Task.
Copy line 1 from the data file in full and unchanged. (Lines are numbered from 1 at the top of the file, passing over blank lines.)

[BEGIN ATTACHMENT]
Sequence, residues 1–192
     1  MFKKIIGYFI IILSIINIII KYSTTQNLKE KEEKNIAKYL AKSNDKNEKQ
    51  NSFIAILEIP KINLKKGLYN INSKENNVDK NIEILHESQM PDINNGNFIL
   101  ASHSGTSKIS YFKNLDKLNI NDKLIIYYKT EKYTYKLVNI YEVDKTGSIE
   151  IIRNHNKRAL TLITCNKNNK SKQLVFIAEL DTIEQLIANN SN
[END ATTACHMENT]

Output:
Sequence, residues 1–192